An Evergreen Planet
Preserving our World’s Natural Forests
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earth

Deforestation is a Global Crisis

Forests cover almost one third of the land on our planet and produce essential oxygen, materials, and habitat for the survival of species on Earth. However these ecosystems are under threat, as humans have plowed through forested regions at alarming rates, for timber, agriculture, and land in a process called “deforestation”.

Deforestation is often due to economic incentives that make forest conversion more profitable than forest preservation. Between 2000 and 2012, only 2.4 million square miles of the original 6 million square miles of forest covering Earth remain.

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You Draw it

This interactive activity allows you to draw your prediction of the Earth's global forest acreage looks like with your mouse cursor. You may edit your predictions by dragging the dotted blue line. Click the "Show Actual" to reveal an animation with the true statistics and compare your guess!

Show Actual

Amazon Rainforest

This forest is the largest in the world with 5.5 million kilometers with unique species. By 1995, 70% of formerly forested land in the Amazon, and 91% of land deforested since 1970, had been converted to cattle ranching.

Canadian Forests

Dense forests span the entirety of the Canada wilderness. Forests are a major source of wealth for Canadians, generating $19.8 billion in 2013 and providing a wide range of economic, social and environmental benefits.

East Siberian Tiga

This forest cradles the upper border of Europe and Asia. The demand for resources in world markets increases deforestation. In particular, the increase of illegal felling, which accounts for 30-70% of total, causes both environment and economic loss.



= 100,000 trees

An Alarming Rate

The global impact of deforestation is overwhelming, particularly over the last few decades. Human apathy has resulted in steep declines from 1990 to 2012. This visualization reflects the steady drop in land mass of the world's dense natural forests.

“When the productive lands lose their essence, our productive lives shall least have essence!”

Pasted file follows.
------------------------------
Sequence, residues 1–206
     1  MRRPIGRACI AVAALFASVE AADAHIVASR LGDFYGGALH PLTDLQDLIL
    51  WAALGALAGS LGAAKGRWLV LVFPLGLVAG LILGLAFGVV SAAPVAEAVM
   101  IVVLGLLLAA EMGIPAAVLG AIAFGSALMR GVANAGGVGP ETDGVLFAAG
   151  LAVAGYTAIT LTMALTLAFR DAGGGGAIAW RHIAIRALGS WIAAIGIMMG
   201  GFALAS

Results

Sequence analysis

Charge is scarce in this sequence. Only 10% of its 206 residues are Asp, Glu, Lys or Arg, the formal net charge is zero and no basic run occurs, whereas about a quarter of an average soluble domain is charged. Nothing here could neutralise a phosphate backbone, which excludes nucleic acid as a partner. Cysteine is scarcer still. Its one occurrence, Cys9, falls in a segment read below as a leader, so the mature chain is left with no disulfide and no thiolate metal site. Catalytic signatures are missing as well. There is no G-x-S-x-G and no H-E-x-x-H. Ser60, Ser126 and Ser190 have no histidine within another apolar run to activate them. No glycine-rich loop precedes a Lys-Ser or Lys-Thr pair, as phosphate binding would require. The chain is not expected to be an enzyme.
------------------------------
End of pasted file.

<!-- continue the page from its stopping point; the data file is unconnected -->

― Ernest Agyemang Yeboah

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Socioeconomic Discrepancy

Although deforestation is a global issue, we examine that countries are affected disproportionately around the world. Wealthier countries are more likely to experience forest growth while poorer countries carry the burden of environmental destruction in order to generate profit and provide for their communities.

Hover over the visualization to explore different country deforestation rates.

Deforestation Rate versus Country GDP per Capita

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East Asia & Pacific
Sub-Saharan Africa
Middle East & North Africa
Europe & Central Asia
Latin America & Caribbean
North America
South Asia
Radius = Country Population
Color = Geographic Region
Wealth & Environmental Inequality

In the above scatterplot, we observe that there is a large cluster of low GDP countries experiencing high deforestation rates. The following overlapping line chart presents a breakdown by socioeconomic level that makes the discrepancy increasingly evident. Wealthier countries have more leverage to negotiate environmental protection at the expense of their less endowed peers.

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Change in Forest Area by Socioeconomic Class

Game of Privilege

This game demonstrates the stark difference in bargaining power between countries with different GDPs. The areas are divided proportionally by three different socioeconomic classes. Green corresponds to USA, Orange to Portugal, and Purple to Zimbabwe. Throughout playing, you may experience that it is much easier to score as the USA than Zimbabwe.

Rules:

  1. Press "space" to start the game
  2. Use the arrow keys to move the spinner
  3. Match the same colored dots and sectors
  4. Work toward a high score! The game ends after too many missed pieces.
  5. Or press "space" to stop playing.
  6. Refresh the page to restart.

Future Readings

In you're interested in learning more about deforestation, beyond what we've presented here, take a look at some of the materials below.

FIRST for sustainability
National Geographic
Live Science

class

CS 171

Thank you to the CS 171 course and staff for a great semester learning d3! We appreciate your patience and guidance.

World Bank Dataset
Process Book
Demo Video

assessment

Donate

Below are a few organizations who work hard on the issue of deforestation.

Environmental Defense Fund
Conservation International
Rainforest Alliance

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Our Team

kevin

Kevin Huang

Harvard '18
Jericho, NY // Lowell House

khuang01@college.harvard.edu


Jesse

Jesse Zhang

Harvard '19
Boulder, CO // Kirkland House

jessetanzhang@college.harvard.edu


Christine

Christine Zhang

Harvard '18
San Ramon, CA // Mather House

christinezhang@college.harvard.edu